Japan plans to increase military spending of 43 trillion yen (€300 billion) by 2027 and to double its military budget from 1 to 2 percent of GDP. In December 2022, Tokyo released a new National Security Strategy that drops the last veneer of a “pacifist” constitution and prepares the country for war against China, which is described as an “unprecedented and greatest strategic challenge.”

The security strategy aims to rapidly acquire “counterstrike capabilities.” New fighter jets, medium-range missiles and other weapons are expected to enable the Japanese army to strike targets deep inside China.

This would open up new opportunities for closer cooperation, including in arms matters, German Defence Minister Boris Pistorius said in a press briefing. He cited submarine propulsion systems as an example. Of course, “Japan as a strong naval nation is also an interesting partner for us.”

In terms of military and armaments technology, both Japan and Germany have so far worked closely with the US, whose military capabilities exceed their own many times over. But both are seeking to break free from dependence on the victorious power of World War II.

While Germany seeks to bolster Europe’s arms production and military clout, Japan wants to revive its own defence industry after decades of restraint. In December, it agreed with Italy and the United Kingdom to jointly develop a new fighter aircraft—the first major defence collaboration without US involvement.

Joint military manoeuvres are also to take place more frequently in the future. Two years ago, the German warship Bayern stopped off in Japan on a voyage of several months through the Indo-Pacific, including the South China Sea. Last summer, six German Air Force Eurofighters participated in manoeuvres in Australia and visited Japan. Now, a legal framework is to be established for mutual logistical assistance and support, and once again a German Navy frigate will dock in Japan as a “commitment to freedom of the seas,” as Chancellor Scholz said. He was referring to those parts of the South China Sea claimed by China.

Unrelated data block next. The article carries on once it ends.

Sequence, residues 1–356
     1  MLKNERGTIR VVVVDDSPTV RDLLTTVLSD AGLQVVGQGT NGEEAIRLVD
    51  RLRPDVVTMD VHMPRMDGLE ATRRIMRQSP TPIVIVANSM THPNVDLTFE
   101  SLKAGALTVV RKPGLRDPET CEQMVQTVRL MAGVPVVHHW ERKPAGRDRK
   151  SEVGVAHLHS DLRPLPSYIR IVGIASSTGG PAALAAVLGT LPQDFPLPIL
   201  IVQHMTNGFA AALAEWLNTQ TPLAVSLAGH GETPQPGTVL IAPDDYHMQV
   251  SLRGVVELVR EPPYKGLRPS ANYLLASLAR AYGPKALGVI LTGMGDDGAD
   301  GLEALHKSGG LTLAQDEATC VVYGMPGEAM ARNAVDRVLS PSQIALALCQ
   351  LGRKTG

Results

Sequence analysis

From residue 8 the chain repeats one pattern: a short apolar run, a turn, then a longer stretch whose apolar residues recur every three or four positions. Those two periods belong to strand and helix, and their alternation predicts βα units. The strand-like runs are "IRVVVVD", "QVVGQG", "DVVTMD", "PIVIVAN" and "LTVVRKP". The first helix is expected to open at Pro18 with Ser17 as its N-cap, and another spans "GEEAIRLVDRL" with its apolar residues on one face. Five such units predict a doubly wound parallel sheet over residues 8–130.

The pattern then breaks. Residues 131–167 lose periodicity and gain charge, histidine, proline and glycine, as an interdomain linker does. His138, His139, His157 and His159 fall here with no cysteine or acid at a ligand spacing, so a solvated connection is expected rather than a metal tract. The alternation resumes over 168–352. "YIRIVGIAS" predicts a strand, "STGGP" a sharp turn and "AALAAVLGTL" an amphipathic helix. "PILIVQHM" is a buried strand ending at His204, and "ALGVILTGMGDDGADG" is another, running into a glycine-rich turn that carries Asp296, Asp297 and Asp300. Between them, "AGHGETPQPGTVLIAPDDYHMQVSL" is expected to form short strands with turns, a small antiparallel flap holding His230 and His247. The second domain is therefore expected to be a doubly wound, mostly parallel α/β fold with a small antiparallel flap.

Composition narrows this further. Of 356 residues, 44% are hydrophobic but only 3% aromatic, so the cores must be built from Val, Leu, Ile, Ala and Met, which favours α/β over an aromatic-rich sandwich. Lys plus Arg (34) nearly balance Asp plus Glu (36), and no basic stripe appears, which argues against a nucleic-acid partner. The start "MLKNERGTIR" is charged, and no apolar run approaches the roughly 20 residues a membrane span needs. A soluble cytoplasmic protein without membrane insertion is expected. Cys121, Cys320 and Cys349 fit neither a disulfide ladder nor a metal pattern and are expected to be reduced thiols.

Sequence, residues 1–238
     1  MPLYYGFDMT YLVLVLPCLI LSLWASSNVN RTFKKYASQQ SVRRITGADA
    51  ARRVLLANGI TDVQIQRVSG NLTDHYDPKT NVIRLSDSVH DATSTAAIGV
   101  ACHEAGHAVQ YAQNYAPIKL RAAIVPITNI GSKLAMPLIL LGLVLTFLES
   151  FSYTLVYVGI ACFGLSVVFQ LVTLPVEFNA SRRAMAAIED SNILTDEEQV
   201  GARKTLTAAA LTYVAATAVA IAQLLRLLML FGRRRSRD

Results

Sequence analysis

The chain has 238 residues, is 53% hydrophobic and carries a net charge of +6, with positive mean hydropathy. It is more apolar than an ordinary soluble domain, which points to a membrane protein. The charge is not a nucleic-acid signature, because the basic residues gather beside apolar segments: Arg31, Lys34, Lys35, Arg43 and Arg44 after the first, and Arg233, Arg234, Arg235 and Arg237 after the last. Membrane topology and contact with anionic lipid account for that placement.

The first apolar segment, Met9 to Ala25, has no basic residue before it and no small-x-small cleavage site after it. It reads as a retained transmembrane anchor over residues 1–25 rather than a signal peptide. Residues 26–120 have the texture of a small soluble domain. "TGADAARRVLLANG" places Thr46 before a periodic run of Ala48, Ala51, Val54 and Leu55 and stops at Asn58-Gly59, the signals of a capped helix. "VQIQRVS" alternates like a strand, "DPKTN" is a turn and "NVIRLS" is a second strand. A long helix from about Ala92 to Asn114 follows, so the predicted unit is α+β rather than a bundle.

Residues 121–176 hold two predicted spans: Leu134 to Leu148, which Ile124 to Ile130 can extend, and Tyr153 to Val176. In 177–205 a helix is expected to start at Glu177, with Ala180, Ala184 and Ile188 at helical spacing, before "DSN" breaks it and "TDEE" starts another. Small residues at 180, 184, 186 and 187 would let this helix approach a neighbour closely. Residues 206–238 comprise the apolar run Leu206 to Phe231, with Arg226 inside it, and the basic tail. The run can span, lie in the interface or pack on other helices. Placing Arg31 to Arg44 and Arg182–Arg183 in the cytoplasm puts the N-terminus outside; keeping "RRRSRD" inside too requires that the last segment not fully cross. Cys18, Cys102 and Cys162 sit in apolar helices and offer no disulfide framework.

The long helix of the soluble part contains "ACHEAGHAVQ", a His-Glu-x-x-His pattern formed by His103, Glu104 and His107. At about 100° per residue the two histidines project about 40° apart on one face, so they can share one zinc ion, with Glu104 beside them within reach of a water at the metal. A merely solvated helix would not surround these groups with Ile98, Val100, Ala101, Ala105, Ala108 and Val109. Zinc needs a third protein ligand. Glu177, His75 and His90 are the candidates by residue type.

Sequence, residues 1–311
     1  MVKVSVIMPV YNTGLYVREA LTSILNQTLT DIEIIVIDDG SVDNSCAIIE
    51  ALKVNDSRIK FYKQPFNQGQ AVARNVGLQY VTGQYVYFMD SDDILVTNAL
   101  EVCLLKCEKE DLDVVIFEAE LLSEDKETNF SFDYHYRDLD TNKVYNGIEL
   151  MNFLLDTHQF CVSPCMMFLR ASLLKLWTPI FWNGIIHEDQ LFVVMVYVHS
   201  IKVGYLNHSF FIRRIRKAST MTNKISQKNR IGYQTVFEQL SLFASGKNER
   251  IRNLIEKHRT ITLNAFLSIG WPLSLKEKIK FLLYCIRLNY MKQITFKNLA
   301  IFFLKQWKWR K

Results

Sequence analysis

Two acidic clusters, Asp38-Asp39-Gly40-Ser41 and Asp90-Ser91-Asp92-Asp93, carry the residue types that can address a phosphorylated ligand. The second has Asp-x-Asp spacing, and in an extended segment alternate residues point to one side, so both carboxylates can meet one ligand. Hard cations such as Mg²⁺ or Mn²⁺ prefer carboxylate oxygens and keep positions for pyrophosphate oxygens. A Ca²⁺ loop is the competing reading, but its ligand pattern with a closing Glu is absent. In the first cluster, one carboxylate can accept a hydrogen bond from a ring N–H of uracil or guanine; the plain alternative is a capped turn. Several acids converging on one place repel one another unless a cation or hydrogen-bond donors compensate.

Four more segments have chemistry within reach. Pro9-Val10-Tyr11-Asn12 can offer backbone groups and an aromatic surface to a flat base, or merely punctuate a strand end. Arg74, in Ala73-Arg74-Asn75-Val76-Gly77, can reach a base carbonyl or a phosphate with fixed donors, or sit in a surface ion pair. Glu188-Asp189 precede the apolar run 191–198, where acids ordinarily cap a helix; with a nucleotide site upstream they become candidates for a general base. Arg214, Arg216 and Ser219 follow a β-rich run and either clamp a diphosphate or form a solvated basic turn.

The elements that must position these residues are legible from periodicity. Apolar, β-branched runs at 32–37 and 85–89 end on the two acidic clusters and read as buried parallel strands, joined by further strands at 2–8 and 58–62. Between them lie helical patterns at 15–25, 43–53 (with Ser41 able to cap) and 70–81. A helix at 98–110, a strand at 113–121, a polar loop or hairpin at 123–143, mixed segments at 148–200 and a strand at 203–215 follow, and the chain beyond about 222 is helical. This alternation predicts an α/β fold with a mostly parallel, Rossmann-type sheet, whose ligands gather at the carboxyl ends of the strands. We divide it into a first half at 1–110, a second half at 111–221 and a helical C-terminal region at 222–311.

The extent to which a “new era“ is also taking place in Germany’s Asia policy was confirmed on Tuesday by the first visit to Taiwan by a member of the German government in 26 years.

Research Minister Bettina Stark-Watzinger (Liberal Democrat, FDP) visited the island to discuss cooperation on semiconductors, electric car batteries, hydrogen and artificial intelligence. The visit, which Stark-Watzinger said was closely coordinated with the chancellor’s office and the foreign ministry, was regarded as a deliberate provocation by Beijing. The Chinese Foreign Ministry protested sharply against this violation of the One China policy, to which Germany remains committed, at least in words.

The revival of the Berlin-Tokyo military axis confirms that NATO’s war in Ukraine is the prelude to a violent redivision of the world among the imperialist powers that will lead to a nuclear catastrophe if not stopped in time by a mass movement of the working class.

The Ukrainian war did not begin with Russia’s attack but with the dissolution of the Soviet Union and NATO’s systematic expansion eastward. Now, NATO is using the reactionary attack by the Putin regime to escalate the war. Its goal is not peace for Ukraine but the subjugation of Russia, with its huge reserves of raw materials, and the encirclement of China.

Japanese Prime Minister Kishida “spontaneously” traveled to Kiev immediately after the meeting with the German government to pay his respects to President Zelensky and demonstrate his full support for NATO’s war policy. He made a stopover in New Delhi to increase pressure on a reluctant Indian government to fully join the war front against Russia and China.

“You scratch my back, and I’ll scratch yours,” as the saying goes. Germany supports Japan, which is unwilling to accept China’s emergence as Asia’s dominant economic power; and Japan supports Germany, which sees the Ukraine war as an opportunity to emerge as Europe’s “leading power.”

It may seem a coincidence that Germany and Japan are allying once again. But geopolitics follows certain geographic patterns. Germany, as Europe’s dominant economic power, had sought to subjugate the continent during World War I and World War II; Japan forcibly subjugated large parts of East Asia for the same reason. Both eventually came into conflict with the United States, which would not allow competing world powers to emerge in Europe and East Asia.

The driving force behind the insane pro-war policy is the deep global crisis of capitalism, which became visible again in the recent banking crisis, and the escalation of the class struggle all over the world. As in the last century, the ruling class responds with war and dictatorship.